Comfort & Critique by Peter Sotos (Andrew)

Comfort & Critique by Peter Sotos
Andrew Wilson

Comfort & Critique documents Peter Sotos’ pornographic and intellectual fixations.  The intensely personal nature of his work, due in part to his from-the-gut writing technique, feels like an intimate gesture toward the reader.  His writing has always been a beacon to his private obsessions, siphoned through a pointed yet fragmented rant.  In this sense, Comfort & Critique is Sotos all over.  But what sets this book apart from his earlier work is the feeling it leaves that Sotos might be America’s most dangerous cultural critic.  He has never sounded so clear and, at the same time, so disturbing.

Sarah Payne, the twelve-year old murder victim, and Sarah Payne, the victim’s mother, are Sotos’ anchor in Comfort & Critique.  His encyclopedic knowledge of killers and their behavior is hinged to this particular story, as his topics constantly depart and return to the politics surrounding Sarah’s death.  To those unfamiliar with Sarah Payne, her murder prompted the victim’s mother to create and campaign for “Sarah’s Law,” which would make the information and wareabouts of convicted pedophiles available to the British public.  This campaign transformed both Sarah’s into media icons.  Ultimately, Comfort & Critique centers on the media’s fetishism of pedophiles and their crimes—a spectacle that amounts to its own brand of pornography.  Sotos puts this pornography in plain view by presenting and critiquing dozens of tabloids about the two Sarah’s.  He lets the articles tell the story of Sarah’s abduction, the search for her body, the family’s grief, their campaign for Sarah’s law and Great Britain’s ensuing pedophile witch-hunt.  This aspect of Comfort & Critique gives the text a political edge.  By quoting interviews with child killers—and dipping into his own experience—Sotos outlines the public’s misunderstanding of these killers, their motives, and presents Sarah’s law as misguided excuse for mob rule and vigilante justice.  

But that part is easy to swallow.  The driving force behind Comfort & Critique is far more unsettling.  Sotos is not concerned with politics.  Instead, he’s concerned with young Sarah Payne—a fixation amounting to a fevered lust perpetuated by the media.  Sotos works with the notion that killers and would-be-killers—perhaps like Sotos himself—live vicariously through the media.  Unlike the general public, whose relationship to these stories is more of a peep-show fetish, Sotos directs the reader to an audience that comes to envy these killers.  But rather than side with this second group, Sotos writes from his own conflict between his sexual interest in children and his personal disgust for of pedophiles and child killers.  He writes:  “I am, so far, completely within the law.  And, stupidly, it’s that severe but specific reduction that creates the definition of pornography.  Pornography is not an image.  It’s not an act.  It is defined from the outside by those who threaten me.  It is purely what I do to an image.  Or a fucking act that I only run through my head.  It is the limitations you accept.  What little I think I can live with.  You’re bound to be disappointed.”  In this sense, Sotos is his own toughest critic, refusing to establish a base for himself or siding with pedophiles and killers who might ostensibly share his views.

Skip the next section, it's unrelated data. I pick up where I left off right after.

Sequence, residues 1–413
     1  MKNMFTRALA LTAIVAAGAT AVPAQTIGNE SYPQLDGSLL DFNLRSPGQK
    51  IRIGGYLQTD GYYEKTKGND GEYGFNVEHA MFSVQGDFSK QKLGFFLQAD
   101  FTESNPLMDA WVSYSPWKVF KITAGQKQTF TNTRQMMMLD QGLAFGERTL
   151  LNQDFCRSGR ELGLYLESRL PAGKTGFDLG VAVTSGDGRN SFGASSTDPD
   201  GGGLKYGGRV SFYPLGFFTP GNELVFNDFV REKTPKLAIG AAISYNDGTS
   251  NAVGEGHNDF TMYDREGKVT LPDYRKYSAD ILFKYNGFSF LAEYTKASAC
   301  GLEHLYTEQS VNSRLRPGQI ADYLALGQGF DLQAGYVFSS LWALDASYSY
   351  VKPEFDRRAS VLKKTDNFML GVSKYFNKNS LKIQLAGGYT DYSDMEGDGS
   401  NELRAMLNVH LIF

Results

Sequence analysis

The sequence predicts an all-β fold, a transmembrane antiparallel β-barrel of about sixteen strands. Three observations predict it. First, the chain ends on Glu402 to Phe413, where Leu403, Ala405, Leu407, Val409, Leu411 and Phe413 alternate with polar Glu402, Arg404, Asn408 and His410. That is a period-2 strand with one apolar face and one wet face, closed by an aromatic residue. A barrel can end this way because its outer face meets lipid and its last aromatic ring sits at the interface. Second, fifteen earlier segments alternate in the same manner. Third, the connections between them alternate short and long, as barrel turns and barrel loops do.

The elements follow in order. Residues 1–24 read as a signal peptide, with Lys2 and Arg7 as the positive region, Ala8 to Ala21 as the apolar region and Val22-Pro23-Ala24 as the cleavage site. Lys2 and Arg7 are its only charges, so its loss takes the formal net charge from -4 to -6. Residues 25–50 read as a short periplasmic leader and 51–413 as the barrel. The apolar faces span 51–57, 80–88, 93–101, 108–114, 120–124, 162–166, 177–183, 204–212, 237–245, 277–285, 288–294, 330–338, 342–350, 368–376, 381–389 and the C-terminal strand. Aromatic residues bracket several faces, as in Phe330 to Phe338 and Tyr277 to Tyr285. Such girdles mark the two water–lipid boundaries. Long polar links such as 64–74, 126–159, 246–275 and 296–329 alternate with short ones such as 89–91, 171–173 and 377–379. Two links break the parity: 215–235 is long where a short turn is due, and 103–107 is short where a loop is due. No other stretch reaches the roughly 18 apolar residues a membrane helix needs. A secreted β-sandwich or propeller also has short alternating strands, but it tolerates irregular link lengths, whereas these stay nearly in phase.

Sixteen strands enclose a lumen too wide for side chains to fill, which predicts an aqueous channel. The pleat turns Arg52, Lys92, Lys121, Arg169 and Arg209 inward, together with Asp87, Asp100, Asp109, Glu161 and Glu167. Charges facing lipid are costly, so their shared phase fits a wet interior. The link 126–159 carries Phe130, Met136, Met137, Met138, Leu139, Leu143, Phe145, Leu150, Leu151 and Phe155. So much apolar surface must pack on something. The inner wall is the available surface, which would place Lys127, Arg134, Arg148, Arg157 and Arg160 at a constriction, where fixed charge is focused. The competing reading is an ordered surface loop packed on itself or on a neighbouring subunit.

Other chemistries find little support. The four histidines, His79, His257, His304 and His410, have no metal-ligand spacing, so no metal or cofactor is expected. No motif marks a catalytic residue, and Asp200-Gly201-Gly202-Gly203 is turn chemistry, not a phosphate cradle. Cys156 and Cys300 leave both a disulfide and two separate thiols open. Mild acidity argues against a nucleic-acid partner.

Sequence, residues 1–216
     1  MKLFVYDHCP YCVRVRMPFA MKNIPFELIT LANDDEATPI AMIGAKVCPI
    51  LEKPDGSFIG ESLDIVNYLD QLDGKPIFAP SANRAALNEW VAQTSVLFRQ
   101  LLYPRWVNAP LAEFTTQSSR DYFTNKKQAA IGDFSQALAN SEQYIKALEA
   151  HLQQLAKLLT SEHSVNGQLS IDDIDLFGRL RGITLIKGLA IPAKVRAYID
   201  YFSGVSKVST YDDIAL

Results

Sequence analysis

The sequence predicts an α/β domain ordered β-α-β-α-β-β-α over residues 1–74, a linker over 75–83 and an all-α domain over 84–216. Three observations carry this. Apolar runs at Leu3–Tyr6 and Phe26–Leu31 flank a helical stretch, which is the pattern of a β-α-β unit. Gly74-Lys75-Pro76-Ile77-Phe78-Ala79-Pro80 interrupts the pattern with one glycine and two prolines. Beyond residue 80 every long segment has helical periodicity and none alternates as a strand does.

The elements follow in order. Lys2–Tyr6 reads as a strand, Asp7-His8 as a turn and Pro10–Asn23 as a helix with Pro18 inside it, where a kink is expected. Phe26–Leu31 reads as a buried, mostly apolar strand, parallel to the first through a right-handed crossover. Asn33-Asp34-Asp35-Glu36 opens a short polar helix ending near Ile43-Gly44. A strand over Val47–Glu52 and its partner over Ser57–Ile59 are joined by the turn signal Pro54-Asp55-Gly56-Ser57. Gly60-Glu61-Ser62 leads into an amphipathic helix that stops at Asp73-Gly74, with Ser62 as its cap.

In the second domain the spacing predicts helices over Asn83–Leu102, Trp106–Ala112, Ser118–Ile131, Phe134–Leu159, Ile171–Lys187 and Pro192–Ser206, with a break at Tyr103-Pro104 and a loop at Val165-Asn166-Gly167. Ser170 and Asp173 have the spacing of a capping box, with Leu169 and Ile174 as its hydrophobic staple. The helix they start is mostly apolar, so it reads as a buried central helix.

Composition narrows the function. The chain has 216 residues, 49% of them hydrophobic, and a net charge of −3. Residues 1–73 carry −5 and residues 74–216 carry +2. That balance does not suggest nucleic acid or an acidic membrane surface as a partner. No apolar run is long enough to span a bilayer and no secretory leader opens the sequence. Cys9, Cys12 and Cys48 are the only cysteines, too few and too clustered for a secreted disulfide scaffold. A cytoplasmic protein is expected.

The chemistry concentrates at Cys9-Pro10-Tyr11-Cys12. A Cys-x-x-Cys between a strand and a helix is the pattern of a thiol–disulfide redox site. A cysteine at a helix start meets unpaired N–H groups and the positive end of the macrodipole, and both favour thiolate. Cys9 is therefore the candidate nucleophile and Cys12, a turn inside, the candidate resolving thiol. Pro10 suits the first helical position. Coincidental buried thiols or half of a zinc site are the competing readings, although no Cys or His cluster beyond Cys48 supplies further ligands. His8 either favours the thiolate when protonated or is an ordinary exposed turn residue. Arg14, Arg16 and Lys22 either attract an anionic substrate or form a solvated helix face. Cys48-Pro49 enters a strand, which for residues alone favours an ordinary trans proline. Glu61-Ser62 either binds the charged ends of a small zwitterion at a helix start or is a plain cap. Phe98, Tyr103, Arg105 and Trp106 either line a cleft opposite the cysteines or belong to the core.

The last part of the book, simply titled “Sarah,” is a 100-page collage of tabloid images that serve as a fourth voice to the text.  Throughout the written portion of the book, Sotos works with tabloid quotes, his own commentary, and a mysterious unspecified voice telling personal—questionably fictional—accounts of sleazy sex shows and encounters with child pornographers.  The visual component, however, proves to just as shocking, as the reader is confronted with pictures of missing children and celebrity victims after lurid depictions of their assaults.  The text component makes the power of these pictures possible.  Sotos’ genius shines in his ability to make the reader see what he sees, which is perhaps an act of sadism on his part.

The feeling persists that Sotos is the middleman between his readers and a horrifying world they know exits but choose to keep at a distance.  He relates the story of a prison psychologist who had became so traumatized by listening to the fantasies of child murderers that he suffered a nervous break-down and sued the prison for a six-figure sum.  The psychologist became crippled by anxiety and panic to the point that he couldn’t be around children.  What keeps Sotos from having this effect on his readers is space he shares with the killer and the psychologist—the person with the genuine impulse toward evil and the person trying to understand it.  

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